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Moving Large Dobsonians


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Moving Large Dobsonians

By Thomas Clarke

I recently got an Orion XT12g goto Dobsonian,   This is a great scope, much larger aperture than my old orange-tube C8, and has goto and sidereal tracking as well.  Best of all you can push the XT12g by hand without disturbing the tracking alignment.

My telescopes have to live in the house since the garage doubles as a saw-dusty woodshop.  My wife views these as acceptable scientific objects of art provided they are not too amateur looking homebuilts.    The house is ranch style with a couple of 6 inch step downs to reach the outside yard.  I could pick up the old C8 on its field tripod and carry it outside in one piece, but you would have to be a weightlifter to lift the XT12g in one piece!  The scope could be disassembled and reassembled for observation but I don’t like assembly in the dark.

Fortunately (in this case) the new telescope curse operated and it was cloudy for several days giving me time to figure out how to get the XT12g from its location in the corner of the front entrance foyer to a suitable observing spot.  Because of the steps up into the house commercial units like Wheelie Bars would not work. 

Studying the configuration of the XT12g base and rocker box, I realized that a cradle could be snugged up against the mount by using treaded j-bolts hooked into the lifting handles on the rocker box.  Add a couple of wheels and the resulting assembly could be moved like a hand truck.  Using the time afforded by cloudy nights, I put together the mating hand truck from some s**** hardwood in time for a less-cloudy night and first light!

However, my wooden cradle/hand truck was not really strong enough for the job.  While I did get the XT12g in and out of the house in one piece, it felt like the assembly was on the verge of falling apart.  Something stronger was needed.

After some thought, I realized I was reinventing the hand truck.  So I went to Harbor Freight and got its 600 lb. capacity Bigfoot Hand Truck SKU 97568 with large 13 in wheels the better to get over the steps with.  I then realized that I could attach my creaky wooden cradle to the hand truck with four electrical tubing clamps so that in very short order I had a steel framed hand truck custom fit to the XT12g Dobsonian. 

Figure 1.

Figure 1 shows the hand truck/cradle snugged up to the XT12g ready to move from its display location.

Figure 2.

Figure 2 shows the hand truck next to the scope; the hand truck lives in the garage since it doesn’t care about sawdust.  The XT12g has three feet under its base plate, so the truck shoe needs to be slid under the base between two of the feet.  The wooden frame has a curve that matches the base plate so the scope is stable side-to-side when being rolled.  The vertical wooden rails have curves to match the rocker box when rotated to the matching position.  This is more for aesthetics than a structural requirement.   I’m thinking about lining the curves with felt so as not to scratch the mount.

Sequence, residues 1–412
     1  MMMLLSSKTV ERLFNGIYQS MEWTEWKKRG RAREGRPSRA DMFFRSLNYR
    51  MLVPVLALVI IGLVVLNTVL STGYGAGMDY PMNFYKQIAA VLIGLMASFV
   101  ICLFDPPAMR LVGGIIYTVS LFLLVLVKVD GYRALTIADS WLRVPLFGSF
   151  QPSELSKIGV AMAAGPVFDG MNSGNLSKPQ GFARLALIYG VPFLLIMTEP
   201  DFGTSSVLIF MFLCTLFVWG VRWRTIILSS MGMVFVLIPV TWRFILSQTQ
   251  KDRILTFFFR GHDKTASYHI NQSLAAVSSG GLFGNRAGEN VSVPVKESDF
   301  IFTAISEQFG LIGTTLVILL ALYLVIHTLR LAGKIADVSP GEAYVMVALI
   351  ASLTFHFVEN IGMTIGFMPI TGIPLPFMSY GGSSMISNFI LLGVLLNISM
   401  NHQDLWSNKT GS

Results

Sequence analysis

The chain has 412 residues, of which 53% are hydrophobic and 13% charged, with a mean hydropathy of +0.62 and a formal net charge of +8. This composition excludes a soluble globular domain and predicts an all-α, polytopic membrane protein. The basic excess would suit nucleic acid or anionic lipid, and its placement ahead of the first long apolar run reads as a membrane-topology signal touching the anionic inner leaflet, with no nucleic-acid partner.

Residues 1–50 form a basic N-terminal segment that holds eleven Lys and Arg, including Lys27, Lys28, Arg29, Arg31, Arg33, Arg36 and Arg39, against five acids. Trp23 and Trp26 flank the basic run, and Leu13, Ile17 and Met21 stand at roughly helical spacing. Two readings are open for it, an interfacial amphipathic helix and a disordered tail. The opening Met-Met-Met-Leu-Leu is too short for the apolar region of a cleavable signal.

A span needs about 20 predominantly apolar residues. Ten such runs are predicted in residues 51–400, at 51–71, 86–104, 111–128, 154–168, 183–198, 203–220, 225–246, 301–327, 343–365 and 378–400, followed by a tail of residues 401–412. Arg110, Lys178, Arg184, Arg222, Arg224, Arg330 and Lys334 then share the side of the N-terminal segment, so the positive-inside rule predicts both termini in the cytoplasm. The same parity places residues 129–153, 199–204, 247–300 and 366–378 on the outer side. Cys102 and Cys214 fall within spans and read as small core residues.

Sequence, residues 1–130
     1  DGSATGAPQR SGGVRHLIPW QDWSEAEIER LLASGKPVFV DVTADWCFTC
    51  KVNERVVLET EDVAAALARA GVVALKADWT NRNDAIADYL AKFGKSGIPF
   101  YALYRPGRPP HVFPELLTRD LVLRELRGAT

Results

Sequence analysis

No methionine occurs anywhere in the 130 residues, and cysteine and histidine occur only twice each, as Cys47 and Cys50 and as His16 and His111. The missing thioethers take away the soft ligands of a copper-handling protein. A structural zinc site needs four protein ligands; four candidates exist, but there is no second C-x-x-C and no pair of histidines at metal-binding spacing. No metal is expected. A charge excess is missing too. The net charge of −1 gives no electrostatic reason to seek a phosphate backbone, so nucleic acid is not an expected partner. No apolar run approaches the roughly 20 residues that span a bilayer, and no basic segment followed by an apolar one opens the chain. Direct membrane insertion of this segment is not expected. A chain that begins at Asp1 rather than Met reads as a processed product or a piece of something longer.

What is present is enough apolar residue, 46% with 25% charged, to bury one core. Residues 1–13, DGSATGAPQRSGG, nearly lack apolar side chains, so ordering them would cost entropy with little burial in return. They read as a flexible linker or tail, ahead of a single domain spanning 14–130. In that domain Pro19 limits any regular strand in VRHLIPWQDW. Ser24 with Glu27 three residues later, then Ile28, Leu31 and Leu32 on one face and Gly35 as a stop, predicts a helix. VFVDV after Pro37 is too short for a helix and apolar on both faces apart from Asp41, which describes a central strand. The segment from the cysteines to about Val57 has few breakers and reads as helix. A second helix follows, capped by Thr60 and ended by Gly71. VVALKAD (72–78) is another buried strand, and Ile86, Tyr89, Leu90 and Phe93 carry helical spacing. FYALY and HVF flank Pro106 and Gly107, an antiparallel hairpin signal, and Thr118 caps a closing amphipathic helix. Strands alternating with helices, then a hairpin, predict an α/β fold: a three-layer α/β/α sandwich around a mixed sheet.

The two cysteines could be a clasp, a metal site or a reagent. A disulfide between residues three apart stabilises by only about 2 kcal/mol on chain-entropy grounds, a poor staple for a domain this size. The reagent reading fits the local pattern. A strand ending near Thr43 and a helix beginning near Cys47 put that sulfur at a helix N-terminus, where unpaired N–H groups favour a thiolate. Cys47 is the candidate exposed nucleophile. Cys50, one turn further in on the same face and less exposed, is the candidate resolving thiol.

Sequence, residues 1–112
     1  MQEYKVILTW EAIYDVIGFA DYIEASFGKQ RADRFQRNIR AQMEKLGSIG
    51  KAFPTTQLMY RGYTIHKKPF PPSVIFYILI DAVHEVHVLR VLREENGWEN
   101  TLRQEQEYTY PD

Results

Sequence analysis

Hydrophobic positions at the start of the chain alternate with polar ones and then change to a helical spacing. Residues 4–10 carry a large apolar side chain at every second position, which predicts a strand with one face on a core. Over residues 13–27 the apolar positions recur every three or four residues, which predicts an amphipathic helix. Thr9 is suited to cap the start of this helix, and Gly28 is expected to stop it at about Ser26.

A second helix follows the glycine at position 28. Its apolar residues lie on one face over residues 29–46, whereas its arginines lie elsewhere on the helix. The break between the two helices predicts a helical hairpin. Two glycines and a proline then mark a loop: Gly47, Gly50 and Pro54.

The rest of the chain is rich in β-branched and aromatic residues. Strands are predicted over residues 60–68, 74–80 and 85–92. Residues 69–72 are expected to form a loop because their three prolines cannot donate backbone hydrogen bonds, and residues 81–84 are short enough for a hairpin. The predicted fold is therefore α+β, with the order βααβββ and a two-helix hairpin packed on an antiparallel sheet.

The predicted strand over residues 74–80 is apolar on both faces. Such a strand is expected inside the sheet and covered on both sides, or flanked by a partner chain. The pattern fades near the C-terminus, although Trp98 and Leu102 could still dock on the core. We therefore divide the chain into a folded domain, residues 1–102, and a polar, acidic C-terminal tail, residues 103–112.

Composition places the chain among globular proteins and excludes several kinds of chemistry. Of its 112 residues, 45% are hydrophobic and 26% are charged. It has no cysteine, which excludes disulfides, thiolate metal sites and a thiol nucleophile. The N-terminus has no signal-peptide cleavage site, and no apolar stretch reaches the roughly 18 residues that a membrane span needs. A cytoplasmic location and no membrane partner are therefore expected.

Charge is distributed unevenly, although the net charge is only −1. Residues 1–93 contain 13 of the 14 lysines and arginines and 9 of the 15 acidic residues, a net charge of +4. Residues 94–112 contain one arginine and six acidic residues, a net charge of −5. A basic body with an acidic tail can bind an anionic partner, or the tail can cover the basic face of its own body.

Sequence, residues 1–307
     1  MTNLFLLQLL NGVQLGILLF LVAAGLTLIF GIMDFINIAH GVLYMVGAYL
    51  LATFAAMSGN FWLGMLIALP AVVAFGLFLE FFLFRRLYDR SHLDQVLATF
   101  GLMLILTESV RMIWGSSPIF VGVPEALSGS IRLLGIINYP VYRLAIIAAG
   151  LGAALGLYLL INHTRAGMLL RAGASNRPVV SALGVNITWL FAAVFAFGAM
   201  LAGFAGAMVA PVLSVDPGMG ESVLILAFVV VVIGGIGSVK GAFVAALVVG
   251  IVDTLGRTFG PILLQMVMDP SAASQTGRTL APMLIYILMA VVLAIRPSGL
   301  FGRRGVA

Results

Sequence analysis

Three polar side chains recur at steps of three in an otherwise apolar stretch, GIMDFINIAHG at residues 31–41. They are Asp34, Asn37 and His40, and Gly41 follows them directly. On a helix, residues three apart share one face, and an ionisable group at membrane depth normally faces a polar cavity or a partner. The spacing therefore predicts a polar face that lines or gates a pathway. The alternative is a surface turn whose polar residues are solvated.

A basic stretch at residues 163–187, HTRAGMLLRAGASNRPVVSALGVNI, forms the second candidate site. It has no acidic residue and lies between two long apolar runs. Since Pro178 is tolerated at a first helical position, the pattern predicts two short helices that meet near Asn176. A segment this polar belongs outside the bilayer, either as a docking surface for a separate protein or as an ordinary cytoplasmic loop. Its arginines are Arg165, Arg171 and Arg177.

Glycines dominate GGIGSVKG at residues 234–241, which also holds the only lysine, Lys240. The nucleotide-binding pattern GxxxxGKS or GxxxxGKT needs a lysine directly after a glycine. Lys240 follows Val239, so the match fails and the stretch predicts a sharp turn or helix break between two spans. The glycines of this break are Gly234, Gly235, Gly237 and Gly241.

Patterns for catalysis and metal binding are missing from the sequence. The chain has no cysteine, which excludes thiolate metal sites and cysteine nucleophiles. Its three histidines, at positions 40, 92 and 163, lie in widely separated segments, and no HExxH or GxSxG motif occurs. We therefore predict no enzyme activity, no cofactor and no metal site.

Figure 3.

Figure 3 shows a close-up of the relation of the wooden frame to the rocker box.  A j-bolt with a wing nut snags the lifting handle on the rocker box and pulls the box tightly to the frame and the truck.   It is not actually a j-bolt as I couldn’t find one long enough at the hardware store.  It is actually a 1/4-20 bolt inserted into the hook-end of a bungee cord.

Figure 4

Figure 4 shows a downward view of the truck/cradle approaching the XT12g for docking.

Figure 5                                              Figure 6

Figures 5 and 6 show how the scope and truck/cradle cane tilted back in differing degrees for transport.

I haven’t included dimensions as these would vary from scope to scope.   But I think the concept would be a useful way to move many large dobsonians without modifying the mount in any way.   Also a better job of the truck/cradle would result if instead of trying to make a wooden hand truck first and then adapting the creaky result to a sturdy steel hand truck, the cradle were designed from the start to mate the scope to the hand truck. 

I do still have my sketches for the wooden parts.  I could scan these and e-mail to anyone wanting to do an XT12 scope cradle.

I live in Oviedo, Florida, and have dabbled in amateur astronomy for 50 years.   I currently have 4 telescopes, 2.4” to 12”, a 4” astronomical binocular, and lots of optical bits and pieces.


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